The demonstration of antibodies in the circulating blood by complement fixation was first accomplished by Bordet and Gengou1 and its application was made to tuberculosis by them several years before Wassermann and Bruck successfully applied the test in syphilis. If medical men should desire a less cumbersome term than the complement fixation test for tuberculosis it seems they could not do better than to term it simply "the Bordet test." The term has the advantage of brevity. It is historically accurate, and would fittingly perpetuate the name of the distinguished French investigator who first demonstrated the part played by complement in immune reactions—a discovery by which his German contemporaries were not slow to profit.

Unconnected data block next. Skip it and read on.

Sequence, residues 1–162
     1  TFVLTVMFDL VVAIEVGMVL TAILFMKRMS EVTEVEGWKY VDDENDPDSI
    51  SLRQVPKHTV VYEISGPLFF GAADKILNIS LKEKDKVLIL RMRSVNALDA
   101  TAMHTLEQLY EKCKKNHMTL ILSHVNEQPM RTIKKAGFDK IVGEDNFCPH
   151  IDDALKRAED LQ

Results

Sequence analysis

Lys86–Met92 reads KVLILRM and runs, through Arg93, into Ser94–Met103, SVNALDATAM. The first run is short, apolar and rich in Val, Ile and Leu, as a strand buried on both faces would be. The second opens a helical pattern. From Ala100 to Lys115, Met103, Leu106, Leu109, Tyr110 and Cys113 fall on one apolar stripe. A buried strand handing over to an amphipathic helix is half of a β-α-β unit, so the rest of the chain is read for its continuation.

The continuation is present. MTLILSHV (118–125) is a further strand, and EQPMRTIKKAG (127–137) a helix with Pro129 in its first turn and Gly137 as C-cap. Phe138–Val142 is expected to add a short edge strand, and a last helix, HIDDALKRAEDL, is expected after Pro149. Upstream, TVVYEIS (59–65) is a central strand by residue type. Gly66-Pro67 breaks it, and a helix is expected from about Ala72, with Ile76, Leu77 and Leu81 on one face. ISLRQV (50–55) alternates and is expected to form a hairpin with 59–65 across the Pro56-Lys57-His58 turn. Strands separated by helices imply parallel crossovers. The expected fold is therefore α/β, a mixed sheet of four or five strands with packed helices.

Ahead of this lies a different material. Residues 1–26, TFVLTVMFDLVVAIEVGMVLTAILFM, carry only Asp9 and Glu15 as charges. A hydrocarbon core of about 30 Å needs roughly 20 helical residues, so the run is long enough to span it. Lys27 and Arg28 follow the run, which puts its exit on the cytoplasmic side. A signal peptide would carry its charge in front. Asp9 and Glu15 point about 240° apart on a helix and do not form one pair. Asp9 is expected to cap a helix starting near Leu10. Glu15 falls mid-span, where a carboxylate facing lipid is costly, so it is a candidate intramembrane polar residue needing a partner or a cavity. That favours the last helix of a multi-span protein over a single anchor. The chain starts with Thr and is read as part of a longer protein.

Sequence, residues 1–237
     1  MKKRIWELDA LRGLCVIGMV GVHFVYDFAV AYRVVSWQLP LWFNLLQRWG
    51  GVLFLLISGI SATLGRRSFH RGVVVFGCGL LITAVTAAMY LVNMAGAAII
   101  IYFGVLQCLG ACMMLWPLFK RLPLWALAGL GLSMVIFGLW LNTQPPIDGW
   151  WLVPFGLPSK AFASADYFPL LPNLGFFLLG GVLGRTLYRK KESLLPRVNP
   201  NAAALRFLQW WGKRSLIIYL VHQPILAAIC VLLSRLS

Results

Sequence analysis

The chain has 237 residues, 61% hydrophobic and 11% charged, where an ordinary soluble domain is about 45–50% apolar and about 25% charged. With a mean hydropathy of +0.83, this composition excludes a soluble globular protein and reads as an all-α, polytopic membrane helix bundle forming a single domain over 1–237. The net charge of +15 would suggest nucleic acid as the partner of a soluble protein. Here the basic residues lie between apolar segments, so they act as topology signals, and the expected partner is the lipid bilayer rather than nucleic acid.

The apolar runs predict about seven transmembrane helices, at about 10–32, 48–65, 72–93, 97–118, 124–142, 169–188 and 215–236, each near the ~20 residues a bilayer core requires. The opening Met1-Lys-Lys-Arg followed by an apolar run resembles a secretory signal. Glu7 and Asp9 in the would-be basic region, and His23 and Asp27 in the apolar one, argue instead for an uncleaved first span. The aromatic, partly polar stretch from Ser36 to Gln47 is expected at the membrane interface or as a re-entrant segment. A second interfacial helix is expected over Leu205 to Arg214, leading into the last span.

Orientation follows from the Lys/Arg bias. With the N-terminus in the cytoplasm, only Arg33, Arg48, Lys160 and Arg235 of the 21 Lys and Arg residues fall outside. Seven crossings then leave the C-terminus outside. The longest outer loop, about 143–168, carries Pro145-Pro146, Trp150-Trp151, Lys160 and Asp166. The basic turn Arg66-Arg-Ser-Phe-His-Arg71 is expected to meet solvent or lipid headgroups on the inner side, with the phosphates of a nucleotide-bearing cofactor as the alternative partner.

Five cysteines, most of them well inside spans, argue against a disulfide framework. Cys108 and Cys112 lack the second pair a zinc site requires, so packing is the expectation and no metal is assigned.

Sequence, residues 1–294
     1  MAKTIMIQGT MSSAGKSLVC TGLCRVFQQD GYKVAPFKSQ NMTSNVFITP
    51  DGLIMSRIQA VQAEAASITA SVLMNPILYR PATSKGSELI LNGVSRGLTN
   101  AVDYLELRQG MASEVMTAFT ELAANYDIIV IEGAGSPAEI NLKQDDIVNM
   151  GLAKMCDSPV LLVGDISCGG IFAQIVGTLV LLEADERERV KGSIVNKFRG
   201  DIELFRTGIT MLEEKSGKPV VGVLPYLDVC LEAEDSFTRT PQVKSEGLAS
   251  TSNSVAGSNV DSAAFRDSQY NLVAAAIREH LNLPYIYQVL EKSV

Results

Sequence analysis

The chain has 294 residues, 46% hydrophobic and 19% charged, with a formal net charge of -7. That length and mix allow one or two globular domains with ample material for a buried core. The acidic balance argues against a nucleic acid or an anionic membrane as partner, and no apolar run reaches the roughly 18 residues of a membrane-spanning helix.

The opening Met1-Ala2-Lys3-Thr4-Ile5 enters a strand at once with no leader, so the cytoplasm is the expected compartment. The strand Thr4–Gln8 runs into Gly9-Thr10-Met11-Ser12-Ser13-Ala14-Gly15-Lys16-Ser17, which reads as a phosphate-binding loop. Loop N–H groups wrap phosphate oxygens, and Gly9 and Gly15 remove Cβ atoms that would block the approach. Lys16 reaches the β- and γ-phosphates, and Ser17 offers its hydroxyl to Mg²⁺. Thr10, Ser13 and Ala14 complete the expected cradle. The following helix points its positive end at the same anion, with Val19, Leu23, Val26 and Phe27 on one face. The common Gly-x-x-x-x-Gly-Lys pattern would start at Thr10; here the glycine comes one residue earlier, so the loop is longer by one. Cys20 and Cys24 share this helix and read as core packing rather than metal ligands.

Wassermann and Bruck2 made experiments with complement fixation in tuberculosis before they developed the test for syphilis, and subsequently Citron3 made similar experiments. In these earlier tests, Koch's "old tuberculin" was used as